Solution: Daniels formed a multidisciplinary team to get the right people communicating about the project. “When something new needs to happen at the hospital, we really collaborate to make it work,” she said. “For code STEMIs, there were a multitude of calls being made that didn’t need to be. A lot of time was being wasted.”
Daniels’ plan was to examine the steps in light of suggestions featured in a publication for cath lab professionals. “This article identified improvements that could shave precious minutes off the door-to-inflation time,” she said. “For example, a centralized page can save 13.8 minutes.”
Daniels and the team implemented several streamlined procedures in 2006 and 2007 before looking at centralized paging options. When the time came, they selected e.Notify, the emergency management and notification system from Amcom Software. The system, used by many of the leading hospitals in the United States, enables two-way communication that is documented, auditable, and repeatable. It accommodates emergency-related variables regarding which personnel should be notified and via what device, as well as what information to relay. The application enables two-way response to pages with automatic escalation to predetermined staff members if those initially contacted do not respond. “After we got [the system] in place, we performed a drill to get our process solidified. All went well, and everyone was excited with the improvements,” Daniels said.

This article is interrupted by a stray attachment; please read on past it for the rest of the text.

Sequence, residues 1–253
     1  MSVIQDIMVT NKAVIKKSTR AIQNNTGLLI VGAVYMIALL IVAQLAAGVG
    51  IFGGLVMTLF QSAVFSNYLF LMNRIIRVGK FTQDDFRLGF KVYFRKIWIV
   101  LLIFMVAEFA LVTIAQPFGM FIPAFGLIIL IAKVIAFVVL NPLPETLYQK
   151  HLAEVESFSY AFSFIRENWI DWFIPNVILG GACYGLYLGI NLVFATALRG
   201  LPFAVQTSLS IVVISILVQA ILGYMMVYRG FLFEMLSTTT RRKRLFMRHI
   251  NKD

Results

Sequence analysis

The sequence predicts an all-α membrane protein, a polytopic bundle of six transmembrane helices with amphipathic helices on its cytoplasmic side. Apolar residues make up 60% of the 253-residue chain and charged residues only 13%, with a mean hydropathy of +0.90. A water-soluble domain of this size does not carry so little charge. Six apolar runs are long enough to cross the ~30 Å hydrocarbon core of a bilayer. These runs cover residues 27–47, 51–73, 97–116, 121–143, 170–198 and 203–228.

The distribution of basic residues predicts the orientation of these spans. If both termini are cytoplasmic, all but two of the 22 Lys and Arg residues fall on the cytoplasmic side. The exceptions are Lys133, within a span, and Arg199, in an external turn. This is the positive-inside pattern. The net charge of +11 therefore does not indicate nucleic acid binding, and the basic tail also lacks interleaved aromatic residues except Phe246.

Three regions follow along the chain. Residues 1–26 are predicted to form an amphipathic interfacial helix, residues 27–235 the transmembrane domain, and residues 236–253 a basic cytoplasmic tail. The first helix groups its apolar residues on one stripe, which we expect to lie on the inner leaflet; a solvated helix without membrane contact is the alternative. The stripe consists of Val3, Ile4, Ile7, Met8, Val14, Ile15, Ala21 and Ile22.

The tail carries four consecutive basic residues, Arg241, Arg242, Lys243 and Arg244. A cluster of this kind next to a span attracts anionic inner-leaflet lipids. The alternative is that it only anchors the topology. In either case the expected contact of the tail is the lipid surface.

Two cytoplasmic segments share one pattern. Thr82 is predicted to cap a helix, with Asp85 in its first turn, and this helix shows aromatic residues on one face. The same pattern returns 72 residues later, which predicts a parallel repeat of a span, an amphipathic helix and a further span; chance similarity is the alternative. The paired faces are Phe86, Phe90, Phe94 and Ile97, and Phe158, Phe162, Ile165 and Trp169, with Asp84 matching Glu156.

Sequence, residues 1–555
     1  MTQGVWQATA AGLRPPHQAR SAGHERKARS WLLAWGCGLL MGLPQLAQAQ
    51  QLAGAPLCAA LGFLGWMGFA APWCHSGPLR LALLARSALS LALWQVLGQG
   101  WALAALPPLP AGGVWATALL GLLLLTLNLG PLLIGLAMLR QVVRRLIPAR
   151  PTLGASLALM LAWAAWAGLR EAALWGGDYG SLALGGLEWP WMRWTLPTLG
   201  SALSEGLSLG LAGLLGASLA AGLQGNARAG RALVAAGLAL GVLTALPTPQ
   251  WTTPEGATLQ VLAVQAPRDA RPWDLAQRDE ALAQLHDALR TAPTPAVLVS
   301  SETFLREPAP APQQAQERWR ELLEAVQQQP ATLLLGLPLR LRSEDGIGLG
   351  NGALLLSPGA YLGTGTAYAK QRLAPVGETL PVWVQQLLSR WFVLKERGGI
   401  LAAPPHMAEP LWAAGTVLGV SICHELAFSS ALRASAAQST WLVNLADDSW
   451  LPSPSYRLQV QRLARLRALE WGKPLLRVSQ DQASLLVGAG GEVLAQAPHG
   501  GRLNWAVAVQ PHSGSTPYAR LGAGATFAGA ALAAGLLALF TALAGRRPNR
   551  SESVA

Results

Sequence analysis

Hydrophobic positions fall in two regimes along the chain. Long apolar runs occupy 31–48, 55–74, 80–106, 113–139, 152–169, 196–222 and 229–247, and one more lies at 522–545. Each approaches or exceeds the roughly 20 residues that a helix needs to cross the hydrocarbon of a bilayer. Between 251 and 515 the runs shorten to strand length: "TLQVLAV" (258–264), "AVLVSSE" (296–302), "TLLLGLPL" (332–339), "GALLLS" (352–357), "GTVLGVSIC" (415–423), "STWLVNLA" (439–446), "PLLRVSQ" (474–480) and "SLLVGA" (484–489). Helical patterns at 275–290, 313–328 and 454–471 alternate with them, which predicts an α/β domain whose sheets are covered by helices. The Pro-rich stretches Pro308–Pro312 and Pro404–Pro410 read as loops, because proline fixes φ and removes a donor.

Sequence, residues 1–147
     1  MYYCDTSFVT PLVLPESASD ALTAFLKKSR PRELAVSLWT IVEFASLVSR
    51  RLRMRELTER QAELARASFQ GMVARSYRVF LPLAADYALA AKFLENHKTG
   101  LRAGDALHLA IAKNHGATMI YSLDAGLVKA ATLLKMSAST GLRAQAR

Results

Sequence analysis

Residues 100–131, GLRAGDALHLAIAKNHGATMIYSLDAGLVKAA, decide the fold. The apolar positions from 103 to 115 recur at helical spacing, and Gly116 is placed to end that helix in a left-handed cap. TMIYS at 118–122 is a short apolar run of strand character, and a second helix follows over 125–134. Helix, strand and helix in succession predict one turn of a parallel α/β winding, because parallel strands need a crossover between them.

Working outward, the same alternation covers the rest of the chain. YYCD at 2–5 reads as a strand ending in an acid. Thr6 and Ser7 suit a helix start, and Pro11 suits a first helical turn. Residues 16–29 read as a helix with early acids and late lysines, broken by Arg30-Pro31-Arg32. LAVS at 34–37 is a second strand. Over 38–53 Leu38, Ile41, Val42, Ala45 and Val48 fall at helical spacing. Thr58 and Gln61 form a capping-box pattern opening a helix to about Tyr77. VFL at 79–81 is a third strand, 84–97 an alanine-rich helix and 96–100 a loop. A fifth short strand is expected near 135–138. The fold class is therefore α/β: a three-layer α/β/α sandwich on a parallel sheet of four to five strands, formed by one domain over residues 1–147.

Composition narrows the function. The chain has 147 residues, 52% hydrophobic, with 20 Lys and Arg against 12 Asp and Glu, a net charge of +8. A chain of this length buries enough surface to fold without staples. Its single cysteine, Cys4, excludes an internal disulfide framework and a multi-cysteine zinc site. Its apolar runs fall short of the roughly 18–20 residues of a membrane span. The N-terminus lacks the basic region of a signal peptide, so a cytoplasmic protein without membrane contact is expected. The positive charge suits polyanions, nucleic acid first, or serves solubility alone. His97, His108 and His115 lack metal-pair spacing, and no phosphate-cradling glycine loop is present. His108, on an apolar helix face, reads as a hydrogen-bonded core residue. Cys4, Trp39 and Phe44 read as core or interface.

Results: By 2008, the team at Goshen had reduced its door-to-inflation time to an impressive seventy-one minutes through the new system and related communication improvements. Daniels indicates that it “has improved our communication and efficiency. I responded to the first code STEMI we had after implementing the system. Everyone just came on cue. With the two-way response and escalation abilities, it was amazing how quickly it happened. There were real benefits for the patient.”
Now, when an ER patient’s electrocardiogram indicates a heart attack, Goshen ER staff activates the highly efficient code STEMI alert process. The ER secretary initiates one code in order to reach thirty people simultaneously with specific instructions based on their role. These members include the cath lab staff, house supervisor, ICU shift coordinator/nurses, attending cardiologist, cardiovascular coordinator, ER director, cardiovascular director, ER shift coordinator, and x-ray/imaging and lab technicians. When they receive notification, everyone immediately prepares for next steps and responds appropriately. The house supervisor also knows the system will track who has responded and take follow-up action if needed.
“We meet after each incident to work the glitches out of our process,” Daniels said. “For example, after the first one, we added the option to cancel an alert once it has gone out, in case no intervention was needed. The benefits are wonderful. It all just happens now. It even saves time on the staffing and registration end. Ultimately, our patients will receive faster care, and we’ll be able to save more lives.”
For more information call Amcom at 800-852-8935.
[From the April/May 2009 issue of AnswerStat magazine]